Movie Review: Paranormal Activity 2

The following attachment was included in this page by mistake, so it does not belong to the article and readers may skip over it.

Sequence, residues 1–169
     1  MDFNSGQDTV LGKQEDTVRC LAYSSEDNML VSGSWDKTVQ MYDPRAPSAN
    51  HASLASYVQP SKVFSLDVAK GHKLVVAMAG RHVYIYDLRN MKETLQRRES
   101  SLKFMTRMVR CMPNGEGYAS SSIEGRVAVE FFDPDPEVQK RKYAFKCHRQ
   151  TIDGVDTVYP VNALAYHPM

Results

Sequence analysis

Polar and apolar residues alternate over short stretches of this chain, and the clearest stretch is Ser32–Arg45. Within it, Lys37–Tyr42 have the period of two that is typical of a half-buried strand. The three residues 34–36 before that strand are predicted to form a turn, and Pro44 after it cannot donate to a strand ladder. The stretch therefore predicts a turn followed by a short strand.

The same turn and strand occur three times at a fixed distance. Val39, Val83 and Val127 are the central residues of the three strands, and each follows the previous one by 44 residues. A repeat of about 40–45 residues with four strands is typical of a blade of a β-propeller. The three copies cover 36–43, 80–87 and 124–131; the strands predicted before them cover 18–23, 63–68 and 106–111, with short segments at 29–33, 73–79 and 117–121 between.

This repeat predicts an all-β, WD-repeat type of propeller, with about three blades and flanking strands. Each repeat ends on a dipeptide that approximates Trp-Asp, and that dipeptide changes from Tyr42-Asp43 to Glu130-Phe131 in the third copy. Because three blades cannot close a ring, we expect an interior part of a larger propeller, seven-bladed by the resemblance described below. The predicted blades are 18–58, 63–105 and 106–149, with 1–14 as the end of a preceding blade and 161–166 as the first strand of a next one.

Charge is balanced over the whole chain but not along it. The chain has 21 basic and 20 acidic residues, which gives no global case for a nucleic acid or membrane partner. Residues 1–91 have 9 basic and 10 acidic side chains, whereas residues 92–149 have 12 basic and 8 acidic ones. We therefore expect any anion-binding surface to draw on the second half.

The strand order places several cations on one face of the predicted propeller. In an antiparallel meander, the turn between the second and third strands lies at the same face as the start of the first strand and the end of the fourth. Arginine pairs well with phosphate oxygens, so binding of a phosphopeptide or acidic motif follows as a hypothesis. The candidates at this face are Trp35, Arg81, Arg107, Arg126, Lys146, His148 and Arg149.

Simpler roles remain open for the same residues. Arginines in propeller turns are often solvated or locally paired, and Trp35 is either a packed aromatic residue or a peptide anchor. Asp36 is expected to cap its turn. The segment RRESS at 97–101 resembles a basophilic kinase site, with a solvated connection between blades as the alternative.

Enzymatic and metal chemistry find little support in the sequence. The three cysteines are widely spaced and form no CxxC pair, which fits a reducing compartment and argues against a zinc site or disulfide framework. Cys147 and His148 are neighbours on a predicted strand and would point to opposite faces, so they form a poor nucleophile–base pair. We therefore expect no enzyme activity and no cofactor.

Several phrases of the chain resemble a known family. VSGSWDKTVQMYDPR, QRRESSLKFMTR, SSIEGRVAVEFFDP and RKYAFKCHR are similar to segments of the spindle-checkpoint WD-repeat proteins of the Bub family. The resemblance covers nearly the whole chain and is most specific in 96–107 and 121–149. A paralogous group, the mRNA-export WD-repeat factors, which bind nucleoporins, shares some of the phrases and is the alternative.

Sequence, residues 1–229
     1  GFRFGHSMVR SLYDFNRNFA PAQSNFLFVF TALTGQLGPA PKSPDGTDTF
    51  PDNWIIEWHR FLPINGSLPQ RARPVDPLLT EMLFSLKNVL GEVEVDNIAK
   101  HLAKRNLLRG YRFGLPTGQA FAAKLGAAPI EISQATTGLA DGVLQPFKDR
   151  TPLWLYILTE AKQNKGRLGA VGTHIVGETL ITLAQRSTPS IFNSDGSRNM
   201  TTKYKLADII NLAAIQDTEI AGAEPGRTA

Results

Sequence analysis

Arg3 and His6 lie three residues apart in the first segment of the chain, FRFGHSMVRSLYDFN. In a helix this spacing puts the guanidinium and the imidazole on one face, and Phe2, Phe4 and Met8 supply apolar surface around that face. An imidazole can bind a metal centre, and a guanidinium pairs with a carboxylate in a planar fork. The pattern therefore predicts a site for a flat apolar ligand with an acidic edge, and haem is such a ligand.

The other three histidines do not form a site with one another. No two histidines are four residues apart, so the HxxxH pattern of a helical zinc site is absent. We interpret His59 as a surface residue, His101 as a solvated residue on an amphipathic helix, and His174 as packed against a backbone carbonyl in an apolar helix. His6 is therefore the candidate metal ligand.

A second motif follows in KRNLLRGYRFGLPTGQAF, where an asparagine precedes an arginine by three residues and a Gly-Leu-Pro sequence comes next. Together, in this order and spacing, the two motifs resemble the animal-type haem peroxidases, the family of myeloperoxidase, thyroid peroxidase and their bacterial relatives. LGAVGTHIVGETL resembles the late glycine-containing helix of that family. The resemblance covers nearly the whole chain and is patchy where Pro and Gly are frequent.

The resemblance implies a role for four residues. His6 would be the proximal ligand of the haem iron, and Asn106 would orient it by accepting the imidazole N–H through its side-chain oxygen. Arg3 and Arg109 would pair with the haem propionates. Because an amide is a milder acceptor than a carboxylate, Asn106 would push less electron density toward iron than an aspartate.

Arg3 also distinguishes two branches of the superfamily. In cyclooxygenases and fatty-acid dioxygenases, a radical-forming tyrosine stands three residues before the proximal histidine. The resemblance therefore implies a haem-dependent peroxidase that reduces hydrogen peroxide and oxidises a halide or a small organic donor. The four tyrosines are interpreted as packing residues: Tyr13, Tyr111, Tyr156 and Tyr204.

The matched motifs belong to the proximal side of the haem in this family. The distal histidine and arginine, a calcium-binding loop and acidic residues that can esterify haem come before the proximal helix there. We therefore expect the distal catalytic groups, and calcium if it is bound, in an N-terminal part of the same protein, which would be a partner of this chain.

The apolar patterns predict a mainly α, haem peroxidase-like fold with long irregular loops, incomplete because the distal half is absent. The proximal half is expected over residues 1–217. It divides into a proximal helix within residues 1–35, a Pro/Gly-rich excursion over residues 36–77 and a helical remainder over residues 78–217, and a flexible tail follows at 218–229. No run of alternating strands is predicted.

Wasn’t He Also Vigo the Butch? A Film Review of Paranormal Activity 2 By: Lawrence Napoli The true test of all horror sequels is how well it connects to the previous films. Loose and contrived connections result in a rapid de-saturation of the original story (see the Saw series). Strong connections build and expand the story’s mythos (see The Ring films). Traditionally, the horror genre has not been particularly successful at making sequels. We have plenty of evidence of 80s slasher films in Nightmare on Elm Street and Friday the 13th to reference in this regard. The main reason for this is that horror films since the late 70s and 80s have been produced with the specific intention of delivering quick hitting shocks and screams to an audience. These amount to nothing more than cheap thrills and almost never equate to an absolute absorption into fear as produced in an Alfred Hitchcock film, for instance. Of course, Hitchcock never relied upon the gimmicks of ghosts and monsters as his settings for inducing fear were set in ordinary Americana and driven by extremes in human behavior that yielded realistic threats to any person being caught in a similar “what if” scenario. But what if a more realistic bridge could be built between the monster/ghost angle and the realism of true Hitchcock-ian fear? Films like The Blair Witch Project (1999), Cloverfield (2008), and the first Paranormal Activity (2007) attempted to do this by exploiting the contemporary world’s familiarity with the “documentary style,” handheld camcorder perspective. Most everyone in the first world has had an opportunity to shoot home movies, or watch them, as just about everyone has a cell phone - and all of those are equipped with pretty reliable surveillance capability. The home movie format puts an audience at ease because rational people don’t believe in ghosts and goblins, but if one were to appear in that type of visual recording, it pulls the rug out from under us all. In theory, this level of realism ought to have delivered a larger fear impact than these types of films have been able to produce and there are very real reasons that explain why they have not. The first is that most people find “home movie” style camera work to be displeasing. The ability to focus on the action or some point of interest in the frame is not easy because the content of the frame is seemingly random and undefined. The second reason is that this sub-genre of horror films continues to display a vast weakness in developing character and consequently, any form of connection to and sympathy with an audience. If an audience cannot connect personally with some aspect of a character on the screen, do we care if he or she is being terrorized? Paranormal Activity 2 tries to address these issues by upping the realism and limiting the jarring handheld camera. Most of the footage that weaves the fiction is coming from a series of stationary surveillance cameras distributed throughout the house of another family that has been targeted for haunting. The story, as well written by Michael Perry, Christopher Landon and Tom Pabst, does a very good job to justify the introduction of such intruding surveillance under the rationale guise of “added security.” These multiple, stationary wide shots give the audience no excuse for a lack of focus. In addition, these static cameras give the audience a fuller sense of the physical space throughout the house giving us a greater appreciation for how much or little separation the characters have from some malevolent force. When something “happens” on the screen the audience is genuinely surprised, but is often tipped off by the familiar sound of bass reverberation that preceded any paranormal activity from the first film. I credit director Tod Williams with retaining the visual and sound effects that were established in the first film which adds an additional layer of credibility to the fiction of the sequel. There are inconsistencies in the commitment to the realism of the illusion in Paranormal Activity 2. The film does not begin with any traditional series of credits so as to enhance this false reality. It begins with a graphic stating that “Paramount Pictures would like to thank the families of . . . for releasing this footage.” Using the name of some other authoritative form like the FBI or law enforcement of ABC/XYZ county “would like to thank,” would have been a more effective means of messing with the audience’s sense of reality. Seriously, if you caught ghouls attacking your family on video, would you hand over this footage to a Hollywood film company first? This film starts off as somewhat of a prequel to the events of the first Paranormal Activity and steps are taken to give the audience a frame of reference for the relevance of the video footage. As the footage is displayed, graphics appear to affirm the dates and times of the unfolding events and at what point they correlate with the events of the first film. For instance, the very first footage you see is referenced as “60 days before the death of Micah Sloat.” This is somewhat of a good thing because there is no way anyone remembers the dates and times from the first film and therein lays another weakness to the illusion of realism. Comprehending the timing of the footage in PA2 is VITAL to understanding the overall story. In hindsight, there isn’t a more effective means of making moment to moment reference points to a previous film, but using this strategy tends to telegraph when something else is going to happen on screen to the audience. Not long into Paranormal Activity 2 does the audience find the direct connection to the first film when it is revealed that the wife of the family being haunted happens to be the sister of Katie, played by Katie Featherston in PA1. There is plenty of video footage establishing the relationships between Katie and her sister’s family in addition to brief cameos by Micah prior to any weirdness occurring to either sister. A little more of the overall back story is presented in this sequel in addition to a decent amount of exposition via camera confessionals between the sisters and the online research about the alarming phenomena conducted and documented by the step-daughter in the sister’s family. These moments are not just necessary to ease the ever building tension, but are quite satisfying in that they add much more meat to the plot of a seemingly random haunting in the first Paranormal Activity. The strength of the sequel was the same for the first film: the climax. It is in this moment where the grand purpose for everything one has seen in both Paranormal Activities is revealed with a little creativity and prognostication on the part of the viewer. The window for a third sequel is left wide open as we are witnesses to the events that immediately follow the end of the first film and are compelled to find out what could possibly happen after. Paranormal Activity 2 is a horror film that tests the limitations of one’s ability to suspend disbelief. Those who go into horror films with the intention of debunking the proposed validity of the fiction will not enjoy this film nor will those who did not appreciate the first. All of the connections that this sequel shares with the previous film are solid, make practical sense within the framework of the established fiction and keeps the audience familiar with the unknown antagonist(s) which are unfortunately identified by some of the same effects used in PA1. This was a necessary evil because if the fiction is trying to maintain consistency of the same supernatural threat, it doesn’t make sense to show apparitions materializing on screen when that hasn’t occurred before. I did not like how this franchise continues to establish women as being exclusively attuned to the realm of unexplained phenomena and men as reliable cynics. I distinctly remember Scully and Mulder occupying the opposite roles in The X-Files. I also did not believe some of the reactions by the characters experiencing that kind of unexplained activity in their home. Simply ignoring and wishing for “it” to go away has a much shorter shelf life than most would admit. The DVR home security footage is not reviewed by the family nearly as often as Micah reviewed the footage from his own camera in the first film. The continued non-involvement or an attempt to even contact any form of law enforcement continues to frustrate and confound me. Every other aspect of the realism of the proposed scenario of Paranormal Activity 2 gets me so emotionally charged that I am screaming “Call 911!” inside my mind by the middle of the film. Regardless of its shortcomings, Paranormal Activity 2 kicks off the horror season on a positive note. Adding more “victims” by way of children, pets, and more bodies actually adds tension to a haunting scenario that had previously played up the isolation fear by a solitary couple in the first. Staring at long takes of footage in anticipation of something unexplainable on video continues to be the unique and satisfying signature of this franchise. The level of realism and believability of the story and visuals is high, yet inconsistent as relying on the ever-building sense of tension is relied upon to cover up plot gaps. This was an especially chilling experience as I saw this film in a completely deserted theatre. If given the opportunity, I’d recommend the same to all of you.